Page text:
Why Do People Travel?

“Travel is a vivid experience for most of us. At home we have lost the capacity to see what is before us.  Travel shakes us out of our apathy, and we regain an attentiveness that heightens every experience.  The exhilaration of travel has many sources, but surely one of them is that we recapture in some measure the unspoiled awareness of children.”   John Gardner in Self Renewal

Traveling for pleasure really doesn’t make much sense.  Why leave the comfortable confines and routines of a happy, cheery home to enter the hassles of dealing with a number of people you don’t know in environments with which you typically are not very familiar?  It takes time, costs money (sometimes LOTS of money), upsets schedules, forces you into places and situations that can be difficult and often leads to frayed tempers, family disagreements and exhaustion.  Not to mention ridiculous airport security (“Sorry, sir, you can’t take those nail clippers on the plane.  You never know who might steal them and attack the pilot.”), threats of terrorism and putting up with screaming kids in closed spaces (cars and airplanes).  How many times have you had to come home from vacation to rest up in order to get back to work?  So why is traveling so intensely attractive?  Good question.  Almost everyone seems interested in traveling, except possibly the very old, who either tend to put a higher price on the “hassle factor” or who are just smarter than the rest of us.  Given all the difficulties involved in traveling, there must be substantive (and/or simple) reasons why people put up with the inconveniences and stresses that inevitably accompany a travel opportunity.  I believe there are SIX BASIC REASONS why people not only travel, but (think they) love to do so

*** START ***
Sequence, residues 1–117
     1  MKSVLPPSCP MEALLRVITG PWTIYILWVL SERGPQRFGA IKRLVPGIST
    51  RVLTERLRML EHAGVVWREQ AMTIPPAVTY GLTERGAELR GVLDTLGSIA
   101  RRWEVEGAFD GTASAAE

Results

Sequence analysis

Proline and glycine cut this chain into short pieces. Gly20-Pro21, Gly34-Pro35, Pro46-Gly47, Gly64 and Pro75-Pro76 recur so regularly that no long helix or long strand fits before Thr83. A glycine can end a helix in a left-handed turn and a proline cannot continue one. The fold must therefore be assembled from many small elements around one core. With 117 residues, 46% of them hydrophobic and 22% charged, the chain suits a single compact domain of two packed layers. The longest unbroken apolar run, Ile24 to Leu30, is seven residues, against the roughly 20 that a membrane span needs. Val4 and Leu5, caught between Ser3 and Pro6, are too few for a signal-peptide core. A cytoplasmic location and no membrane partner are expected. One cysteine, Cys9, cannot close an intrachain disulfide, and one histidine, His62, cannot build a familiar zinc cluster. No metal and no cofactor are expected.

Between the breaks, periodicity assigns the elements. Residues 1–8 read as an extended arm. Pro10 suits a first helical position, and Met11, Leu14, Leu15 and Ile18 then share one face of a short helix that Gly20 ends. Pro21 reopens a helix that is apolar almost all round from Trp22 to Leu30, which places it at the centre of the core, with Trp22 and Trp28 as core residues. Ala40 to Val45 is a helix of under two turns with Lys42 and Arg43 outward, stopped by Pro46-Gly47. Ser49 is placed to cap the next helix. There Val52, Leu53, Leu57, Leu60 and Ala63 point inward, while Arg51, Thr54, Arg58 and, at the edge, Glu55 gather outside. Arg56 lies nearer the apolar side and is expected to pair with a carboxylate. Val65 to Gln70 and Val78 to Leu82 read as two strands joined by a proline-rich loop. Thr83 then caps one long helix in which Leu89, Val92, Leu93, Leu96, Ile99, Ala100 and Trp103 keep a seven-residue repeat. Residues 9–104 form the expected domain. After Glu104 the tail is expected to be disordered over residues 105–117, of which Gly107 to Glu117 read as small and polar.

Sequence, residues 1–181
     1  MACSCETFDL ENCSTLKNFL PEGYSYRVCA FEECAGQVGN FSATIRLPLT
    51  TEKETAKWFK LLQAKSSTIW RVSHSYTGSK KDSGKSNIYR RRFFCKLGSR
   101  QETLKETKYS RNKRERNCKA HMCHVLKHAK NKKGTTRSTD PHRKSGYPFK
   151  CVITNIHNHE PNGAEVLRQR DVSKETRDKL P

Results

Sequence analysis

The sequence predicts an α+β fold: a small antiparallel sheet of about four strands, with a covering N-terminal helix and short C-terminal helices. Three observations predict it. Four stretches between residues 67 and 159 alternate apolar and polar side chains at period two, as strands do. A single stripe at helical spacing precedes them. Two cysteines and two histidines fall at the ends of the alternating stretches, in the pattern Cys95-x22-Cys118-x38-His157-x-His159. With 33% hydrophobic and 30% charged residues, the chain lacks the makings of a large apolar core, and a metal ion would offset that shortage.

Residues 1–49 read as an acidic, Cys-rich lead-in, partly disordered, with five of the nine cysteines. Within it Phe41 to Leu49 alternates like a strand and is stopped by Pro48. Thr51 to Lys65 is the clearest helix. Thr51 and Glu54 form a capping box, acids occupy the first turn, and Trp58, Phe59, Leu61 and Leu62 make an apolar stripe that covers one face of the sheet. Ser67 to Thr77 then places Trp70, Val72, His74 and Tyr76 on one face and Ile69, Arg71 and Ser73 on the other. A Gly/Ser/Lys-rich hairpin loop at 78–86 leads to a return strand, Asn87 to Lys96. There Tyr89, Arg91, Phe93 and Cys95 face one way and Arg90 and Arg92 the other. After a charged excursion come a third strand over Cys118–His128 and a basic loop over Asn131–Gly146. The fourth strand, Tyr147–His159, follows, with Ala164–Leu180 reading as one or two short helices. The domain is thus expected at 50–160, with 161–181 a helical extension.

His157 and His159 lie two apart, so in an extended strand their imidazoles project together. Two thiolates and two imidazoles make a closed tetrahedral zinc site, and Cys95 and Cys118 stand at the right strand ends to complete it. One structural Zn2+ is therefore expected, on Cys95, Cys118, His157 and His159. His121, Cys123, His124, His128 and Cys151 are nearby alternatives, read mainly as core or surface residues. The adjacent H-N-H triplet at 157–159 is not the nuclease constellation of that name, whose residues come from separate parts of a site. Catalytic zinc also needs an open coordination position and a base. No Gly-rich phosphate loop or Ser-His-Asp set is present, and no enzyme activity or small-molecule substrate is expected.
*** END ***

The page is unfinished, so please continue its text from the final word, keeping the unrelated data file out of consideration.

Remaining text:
1. Escape.  Sometimes you just want to get away from the dull, boring, day-to-day “schtuff” that you have been dealing with seemingly forever.  You need a break, you want to see new vistas and meet new people (at least you think you do, until you actually meet some of them).  “Let me outta here!!” is the cry of every college student at the end of an academic term and the mantra of every mother of small children and working person who trudges to work 50 weeks a year so that they can do what they really want to do the other two weeks.  Escape from the drudgery of the here-and-now is important to many people and they see traveling as the ultimate escape mechanism.  It can be just as much about “getting away from here” as it is “getting to some place different/better” where current travails can be put on hold for a while and focus can be placed on a myriad (sometimes any myriad) of topics different from the ordinary day-to-day.  The desire to escape from the grind is prevalent in every spouse, parent, kid and employee.
  2. Fun.  It can be just plain FUN to get on an airplane or a roller coaster or a train or a boat.  Hopefully you are with people you enjoy and you don’t have to do anything (or at least not the same things you have to do most of the time at home or at work).  The planning and anticipation of the trip is fun and the memories after the fact are fun.  The actual trip may or may not be fun, but what the hell, you’ll remember the positive things that happen and forget or suppress the things that weren’t so much fun.  It’s amazing how good we can become at selective memory once a trip is over.  We’ll remember the fun things, not the six hour plane delay, the rain, the camera left in the cab or the diarrhea gotten from the bad water in the margarita ice cubes.  In 1969, I went to the Woodstock Festival.  In retrospect, it was “totally awesome” (to use a current phrase).  But when I was there it rained, was muddy, was crowded, there were not enough toilets or food and I had to brush my teeth with Budweiser because I didn’t have any water.  Even though it was more fun in retrospect, fun is what the memory elicits.